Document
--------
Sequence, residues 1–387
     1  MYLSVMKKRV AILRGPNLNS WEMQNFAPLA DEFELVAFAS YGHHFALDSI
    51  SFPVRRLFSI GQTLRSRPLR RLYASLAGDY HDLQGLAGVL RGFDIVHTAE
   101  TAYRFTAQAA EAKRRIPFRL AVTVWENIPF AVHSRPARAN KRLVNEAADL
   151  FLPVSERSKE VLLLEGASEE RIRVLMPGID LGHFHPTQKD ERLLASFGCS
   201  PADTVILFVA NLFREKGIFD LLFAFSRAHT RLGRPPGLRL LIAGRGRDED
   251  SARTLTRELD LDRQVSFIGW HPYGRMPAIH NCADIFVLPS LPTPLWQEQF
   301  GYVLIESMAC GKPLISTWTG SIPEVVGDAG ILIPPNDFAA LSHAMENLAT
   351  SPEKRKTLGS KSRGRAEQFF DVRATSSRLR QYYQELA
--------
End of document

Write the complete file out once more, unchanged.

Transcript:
Sequence, residues 1–387
     1  MYLSVMKKRV AILRGPNLNS WEMQNFAPLA DEFELVAFAS YGHHFALDSI
    51  SFPVRRLFSI GQTLRSRPLR RLYASLAGDY HDLQGLAGVL RGFDIVHTAE
   101  TAYRFTAQAA EAKRRIPFRL AVTVWENIPF AVHSRPARAN KRLVNEAADL
   151  FLPVSERSKE VLLLEGASEE RIRVLMPGID LGHFHPTQKD ERLLASFGCS
   201  PADTVILFVA NLFREKGIFD LLFAFSRAHT RLGRPPGLRL LIAGRGRDED
   251  SARTLTRELD LDRQVSFIGW HPYGRMPAIH NCADIFVLPS LPTPLWQEQF
   301  GYVLIESMAC GKPLISTWTG SIPEVVGDAG ILIPPNDFAA LSHAMENLAT
   351  SPEKRKTLGS KSRGRAEQFF DVRATSSRLR QYYQELA